Erasing each of them, the last with a spectacular running pass, the fourth seed served out the set with aplomb. He had yielded just three games over two sets in a surprising display of dominance for someone who had faced five break points in his first two service games. Unable to convert any of his nine break points, Nishikori must have nourished little hope of a comeback, but Ferrer again fell behind 0-40 at that stage. He nearly executed another miraculous escape before finally sending a backhand long to level the set.
Not maintaining the positive momentum for long, Nishikori dropped serve for the sixth time in seven games, although the rallies grew more intriguing as his effort level rose. After Ferrer had led 40-0 in the sixth game, the revitalized Japanese star won five straight points to pull back on even terms, again dictating play by stepping inside his baseline and keeping the veteran well behind his. The two men traded holds that set up a critical game at 4-4. Nishikori survived several deuces and earned multiple game points to put Ferrer on the brink of serving to stay in the set. As his unforced-error total climbed above 60, however, he could not hit through the Spaniard often enough to nudge ahead.
Ferrer served out the match at love with some well-placed first serves, advancing to his third straight Australian Open quarterfinal and his fifth straight major quarterfinal overall. There, he will face either compatriot Nicolas Almagro or Janko Tipsarevic, against whom he played an epic quarterfinal that reached a fifth-set tiebreak at the US Open.
The only notable player from Lithuania, Ricardas Berankis enjoyed his breakthrough last year by reaching the Los Angeles final after many had wondered whether his small stature and chronic injuries would prevent him from fulfilling his potential. Berankis reminded audiences of his status as one of the next generation’s more intriguing ATP hopes when he reached the third round here with straight-sets victories over Sergei Stakhovsky and Florian Mayer. At that stage, however, he faced US Open champion Andy Murray, who had advanced through the draw in equally impressive fashion and knew all that he needed to know about his opponent’s game from his experience with him as a practice partner. While Berankis acquitted himself well in his debut on a stage of this scale, the Scot ultimately reached the second week with an uneven 6-3 6-4 7-5 victory.
Despite a slightly tense opening service game, Murray lost no time in pouncing on his occasional practice partner’s serve in building a 3-0 lead. Throughout the tournament, he had excelled at lunging ahead early in sets before his opponents could settle into the match. Another area in which Murray had impressed in Brisbane and Melbourne concerned break points, which he had saved in bunches during service games that he eventually held. Four more came and went for Berankis in the fifth game today before the third seed escaped with his lead intact.
Struggling to win points on his own serve, the Lithuanian collected just five of the first fifteen as he dropped serve again to position Murray within range of his second 6-1 set of the tournament. A little like Azarenka earlier, the Scot continued to fall behind on his own service games, where he looked much more vulnerable than on his return games. This time, he could not escape the pressure, handing a break back to Berankis on the sixth opportunity. Suddenly in a dogfight, Murray could not earn the set-ending break but instead needed to save two more break points on his service game before finally closing out a set that he had looked likely to dominate.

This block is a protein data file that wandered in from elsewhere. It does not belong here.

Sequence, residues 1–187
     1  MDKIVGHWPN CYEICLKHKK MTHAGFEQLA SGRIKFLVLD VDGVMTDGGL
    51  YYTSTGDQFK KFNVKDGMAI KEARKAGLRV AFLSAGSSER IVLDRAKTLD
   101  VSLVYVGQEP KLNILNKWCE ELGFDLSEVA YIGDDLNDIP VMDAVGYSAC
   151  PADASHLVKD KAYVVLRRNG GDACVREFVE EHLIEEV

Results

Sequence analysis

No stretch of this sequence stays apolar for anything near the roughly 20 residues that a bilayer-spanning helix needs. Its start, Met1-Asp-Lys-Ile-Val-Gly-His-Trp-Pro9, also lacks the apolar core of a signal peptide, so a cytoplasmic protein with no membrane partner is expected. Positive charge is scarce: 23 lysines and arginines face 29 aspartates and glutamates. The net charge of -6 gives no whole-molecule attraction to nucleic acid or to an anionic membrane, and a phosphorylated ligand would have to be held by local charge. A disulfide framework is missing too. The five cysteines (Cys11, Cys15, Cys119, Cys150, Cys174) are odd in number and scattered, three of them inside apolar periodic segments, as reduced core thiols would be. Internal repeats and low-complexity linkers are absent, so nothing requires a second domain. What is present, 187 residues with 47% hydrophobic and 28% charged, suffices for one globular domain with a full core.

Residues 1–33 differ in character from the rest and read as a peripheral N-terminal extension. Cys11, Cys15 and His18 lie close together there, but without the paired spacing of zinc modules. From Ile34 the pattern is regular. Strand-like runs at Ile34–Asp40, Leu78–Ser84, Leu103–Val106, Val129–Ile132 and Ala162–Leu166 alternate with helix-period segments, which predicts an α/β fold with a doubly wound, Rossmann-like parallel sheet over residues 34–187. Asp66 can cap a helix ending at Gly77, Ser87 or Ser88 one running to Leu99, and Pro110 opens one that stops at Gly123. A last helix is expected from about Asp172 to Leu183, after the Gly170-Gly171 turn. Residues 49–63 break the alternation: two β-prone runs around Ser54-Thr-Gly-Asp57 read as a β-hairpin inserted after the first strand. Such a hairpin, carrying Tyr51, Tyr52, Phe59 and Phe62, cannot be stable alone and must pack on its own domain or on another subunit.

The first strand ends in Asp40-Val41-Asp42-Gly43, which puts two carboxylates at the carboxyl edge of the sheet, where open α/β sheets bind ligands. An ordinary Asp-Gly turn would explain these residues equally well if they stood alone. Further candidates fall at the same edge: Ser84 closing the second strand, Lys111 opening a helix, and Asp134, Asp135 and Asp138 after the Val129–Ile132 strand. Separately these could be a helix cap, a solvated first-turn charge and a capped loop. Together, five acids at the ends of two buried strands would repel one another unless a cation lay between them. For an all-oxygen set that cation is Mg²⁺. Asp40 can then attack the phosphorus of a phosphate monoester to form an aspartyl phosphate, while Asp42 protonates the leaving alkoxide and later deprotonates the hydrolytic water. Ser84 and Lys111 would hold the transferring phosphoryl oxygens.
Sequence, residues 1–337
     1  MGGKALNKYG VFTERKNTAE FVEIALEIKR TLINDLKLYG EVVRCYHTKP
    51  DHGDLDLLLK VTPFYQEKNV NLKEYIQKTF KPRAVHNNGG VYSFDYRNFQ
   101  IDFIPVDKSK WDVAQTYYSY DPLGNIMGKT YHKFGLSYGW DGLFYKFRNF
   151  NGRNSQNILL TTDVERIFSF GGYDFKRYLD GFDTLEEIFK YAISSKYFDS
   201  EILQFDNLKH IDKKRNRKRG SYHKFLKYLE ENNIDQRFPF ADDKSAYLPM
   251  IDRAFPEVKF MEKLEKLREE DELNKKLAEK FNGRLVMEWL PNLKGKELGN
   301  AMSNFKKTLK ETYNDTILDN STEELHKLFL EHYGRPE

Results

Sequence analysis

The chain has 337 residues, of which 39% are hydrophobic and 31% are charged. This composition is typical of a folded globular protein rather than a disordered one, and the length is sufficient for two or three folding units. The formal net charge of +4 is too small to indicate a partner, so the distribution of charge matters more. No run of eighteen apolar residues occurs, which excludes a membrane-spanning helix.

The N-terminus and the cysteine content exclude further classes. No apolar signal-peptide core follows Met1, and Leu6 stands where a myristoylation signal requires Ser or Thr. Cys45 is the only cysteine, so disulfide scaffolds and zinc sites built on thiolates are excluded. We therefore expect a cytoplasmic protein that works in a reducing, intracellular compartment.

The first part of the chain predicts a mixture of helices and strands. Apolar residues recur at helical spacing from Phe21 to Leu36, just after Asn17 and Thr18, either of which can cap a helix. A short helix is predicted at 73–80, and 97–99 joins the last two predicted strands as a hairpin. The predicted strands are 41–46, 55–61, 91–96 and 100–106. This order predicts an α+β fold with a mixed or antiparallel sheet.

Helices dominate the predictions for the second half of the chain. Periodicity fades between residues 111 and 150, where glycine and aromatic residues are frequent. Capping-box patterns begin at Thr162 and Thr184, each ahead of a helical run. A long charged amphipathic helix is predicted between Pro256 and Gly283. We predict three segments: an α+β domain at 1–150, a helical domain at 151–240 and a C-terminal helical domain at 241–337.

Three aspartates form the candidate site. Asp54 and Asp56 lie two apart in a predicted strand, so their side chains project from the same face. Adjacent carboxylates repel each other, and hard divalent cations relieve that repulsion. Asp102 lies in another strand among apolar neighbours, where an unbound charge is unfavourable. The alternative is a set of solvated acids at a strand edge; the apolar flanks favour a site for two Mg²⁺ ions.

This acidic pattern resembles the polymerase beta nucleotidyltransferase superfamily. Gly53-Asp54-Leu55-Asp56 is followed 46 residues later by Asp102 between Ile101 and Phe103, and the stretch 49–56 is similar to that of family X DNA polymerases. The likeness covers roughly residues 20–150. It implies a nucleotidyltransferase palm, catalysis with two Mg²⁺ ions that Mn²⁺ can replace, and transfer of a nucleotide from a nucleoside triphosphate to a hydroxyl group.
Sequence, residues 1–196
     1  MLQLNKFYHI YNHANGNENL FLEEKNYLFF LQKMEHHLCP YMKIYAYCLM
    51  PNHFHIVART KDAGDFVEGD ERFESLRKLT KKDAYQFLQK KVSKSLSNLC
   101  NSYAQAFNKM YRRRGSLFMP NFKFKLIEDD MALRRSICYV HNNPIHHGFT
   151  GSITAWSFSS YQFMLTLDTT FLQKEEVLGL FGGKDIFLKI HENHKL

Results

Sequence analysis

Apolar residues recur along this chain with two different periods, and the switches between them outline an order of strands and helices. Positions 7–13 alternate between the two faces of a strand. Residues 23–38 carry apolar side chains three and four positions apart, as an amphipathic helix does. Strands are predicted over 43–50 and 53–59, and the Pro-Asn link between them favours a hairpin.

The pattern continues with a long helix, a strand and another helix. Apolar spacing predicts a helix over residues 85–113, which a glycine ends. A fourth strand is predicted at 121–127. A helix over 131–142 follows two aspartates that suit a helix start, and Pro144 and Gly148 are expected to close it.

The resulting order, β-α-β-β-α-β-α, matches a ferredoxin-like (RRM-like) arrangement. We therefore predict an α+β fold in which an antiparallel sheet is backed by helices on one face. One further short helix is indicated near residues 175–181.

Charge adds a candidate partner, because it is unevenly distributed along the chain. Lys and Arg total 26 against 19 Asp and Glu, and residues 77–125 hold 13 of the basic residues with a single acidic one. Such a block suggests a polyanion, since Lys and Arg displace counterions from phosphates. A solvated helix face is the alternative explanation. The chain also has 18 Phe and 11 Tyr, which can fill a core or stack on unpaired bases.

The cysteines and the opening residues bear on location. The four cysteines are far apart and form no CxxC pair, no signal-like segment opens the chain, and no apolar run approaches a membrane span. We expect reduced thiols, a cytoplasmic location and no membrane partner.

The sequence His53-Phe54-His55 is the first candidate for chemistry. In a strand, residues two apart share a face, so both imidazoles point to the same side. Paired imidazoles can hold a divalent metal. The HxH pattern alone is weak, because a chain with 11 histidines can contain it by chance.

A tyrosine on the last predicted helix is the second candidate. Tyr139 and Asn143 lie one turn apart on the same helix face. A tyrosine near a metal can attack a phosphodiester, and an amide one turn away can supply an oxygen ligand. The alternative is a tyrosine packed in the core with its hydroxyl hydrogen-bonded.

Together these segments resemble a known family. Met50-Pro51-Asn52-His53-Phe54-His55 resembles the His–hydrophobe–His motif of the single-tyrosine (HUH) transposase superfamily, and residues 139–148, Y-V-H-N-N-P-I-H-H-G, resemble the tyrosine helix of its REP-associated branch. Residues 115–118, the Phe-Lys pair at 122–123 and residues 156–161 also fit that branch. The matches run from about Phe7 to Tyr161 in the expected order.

As expected, the Lithuanian had dominated the winner totals and the unforced error totals, recording more than twice as many as Murray in both categories. The US Open champion, by contrast, played a generally conservative brand of tennis while waiting for his opponent’s inconsistencies to emerge. But his labored service games continued, forcing him to serve twice as many points as Berankis by early in the second set. Murray turned his challenger’s pace against him brilliantly at times, however, whipping cross-court forehands within inches of the opposite baseline after his opponent had blasted backhands within inches of his baseline or corner. Exhibiting his fancy touch around the net, Berankis responded with delicate drop shots and backhand slices around the net posts.
When the Lithuanian unleashed a series of crisp returns to break for 4-2, Murray mustered a strong return game of his own that culminated with a beautifully placed lob over his short opponent. In the crucial ninth game, Berankis coughed up two routine groundstroke errors that set up a break point, which he saved in spectacular style by converting a smash from behind his own baseline. Murray failed to convert another break point, but the third time proved the charm as the Scot earned a chance to serve out the second set.
Much as he had at the end of the first set, Berankis thrust the third seed into a dangerous position at 0-30, only to watch the score shift to set point as he failed to put three straight returns in play. Keeping the Lithuanian pinned behind the baseline with biting slices, Murray eventually drew a net cord for the two-set lead.
With any hope for an upset effectively extinguished, Berankis faded somewhat in the third set by inflicting less pressure in his return games and dropping an early service game relatively meekly. He did earn a break point in the sixth game, but Murray saved it as the overall lull persisted. One final burst of energy carried Berankis to a break at the eleventh hour that leveled the set at 5-5, profiting from some listless play by his opponent. Regrouping immediately to break once more and hold with conviction, Murray closed out the match for his fifth straight second-week appearance at the Australian Open.